• 28www.Hubspot.comShare This Ebook!GUIDE TO KILLER MARKETING CONTENTIf you are reading this ebook, you are probably the one who creates most of your company’sinbound marketing content, but that doesn’t have to be the case. You can use many differentvoices from inside your organization. Technical folks, customer service people, C-levelexecutives, product managers, and others in your organization have a unique take on importantaspects of your business. Get your coworkers to contribute by:Asking them to write occasional blog posts relevant to their job functions.Interviewing them and posting short videos that share their expertise.Inviting them to give short presentations or answer questions in webinars.You can also look outside your own company for help creatingcontent. New online content marketplaces are springing up to connectmarketers with legions of freelance writers and editors who will takeon blog posts, ebooks, and other writing jobs for you. You can specifythe topic, your desired style and tone, and your intended audience, andyou typically don’t have to pay unless you accept the finished article.HubSpot customers can easily find external writers using Zerys or theWriterAccess, both apps available in the HubSpot Marketplace.TIp #3Recruit A Team of Content Creators
  • 29www.Hubspot.comShare This Ebook!GUIDE TO KILLER MARKETING CONTENTRegular blogging is a cornerstone of inbound marketing, so make sure you’ve got plenty of ideason hand for updating your blog at least daily. Keep a backlog of the topics you want to cover.Style banks present another great tool to facilitate your writing strategy. Style banks generallyencompass writing templates and design ideas that result in fresh and compelling content.Ideas for your blog style bank include:Bulleted listsBook, movie, and product reviewsPhotos and captionsVideosHow-to guidesInterviewsThe style bank is a great resource for your occasional blog contributors and ebook authors, whomight not know where to start when they’ve been assigned a piece of content. Your backlog willalso help your more frequent contributors get over occasional bouts of writers block.TIp #4Keep A Content Backlog &Style Bankn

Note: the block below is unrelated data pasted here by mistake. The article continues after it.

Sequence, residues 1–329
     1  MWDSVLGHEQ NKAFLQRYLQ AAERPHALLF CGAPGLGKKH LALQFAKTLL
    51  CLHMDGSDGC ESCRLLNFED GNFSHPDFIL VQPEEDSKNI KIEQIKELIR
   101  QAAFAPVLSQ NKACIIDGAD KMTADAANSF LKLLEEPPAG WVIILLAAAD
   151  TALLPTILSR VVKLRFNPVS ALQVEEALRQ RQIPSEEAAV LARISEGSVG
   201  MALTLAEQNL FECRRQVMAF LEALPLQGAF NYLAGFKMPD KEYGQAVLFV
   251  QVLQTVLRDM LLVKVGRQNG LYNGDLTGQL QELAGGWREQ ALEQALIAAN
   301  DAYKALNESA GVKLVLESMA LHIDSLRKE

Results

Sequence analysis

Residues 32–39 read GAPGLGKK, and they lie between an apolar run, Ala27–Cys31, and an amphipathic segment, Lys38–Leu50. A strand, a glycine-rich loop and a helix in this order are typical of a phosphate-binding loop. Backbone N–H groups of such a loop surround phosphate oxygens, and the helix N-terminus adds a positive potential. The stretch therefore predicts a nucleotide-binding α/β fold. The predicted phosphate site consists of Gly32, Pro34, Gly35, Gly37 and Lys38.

• 30www.Hubspot.comShare This Ebook!GUIDE TO KILLER MARKETING CONTENTAlmost every piece of content you create can be adapted, reused, modified and republishedin another format. Make a habit of finding multiple ways to package and distribute the sameinformation in different formats.Here are a few ideas:Combine text from an old whitepaper with newvideos to create a video (multimedia) ebook.Turn videos into blog posts and ebooks. Eachvideo can form the basis of a new blog postthat includes a link to the video along withexamples and takeaways.Use webinar questions and comments to create a new ebook. Once the webinaris over, you can compile the most interesting or commonly asked questions fromthe audience with answers from your team for a nice piece of content that directlyaddresses your prospects’ pain points.Share all company presentations in multiple formats. Post the slides on SlideShare,upload a video of the speech on YouTube, and create a series of blog posts thatdive into specific points discussed during the presentation.TIp #5Repurpose Contentp
  • 31www.Hubspot.comShare This Ebook!GUIDE TO KILLER MARKETING CONTENTVCreating video content doesn’t have to be a big production process. It’s easy to shoot new videosif you always carry an iPhone or another pocket-sized device on hand.Here are a couple simple video ideas:If you see a question on Twitter that someonefrom your company can answer, film theirresponse and tweet a link to the video..Always bring a camera to trade shows or otherindustry events and shoot short clips, such asinterviews with compelling industry experts oraudience surveys. A simple premise, such as askingten people to share the coolest thing they saw orlearned at the trade show, can be edited into a greatvideo blog post.TIp #6Take Your Video Camera Everywhere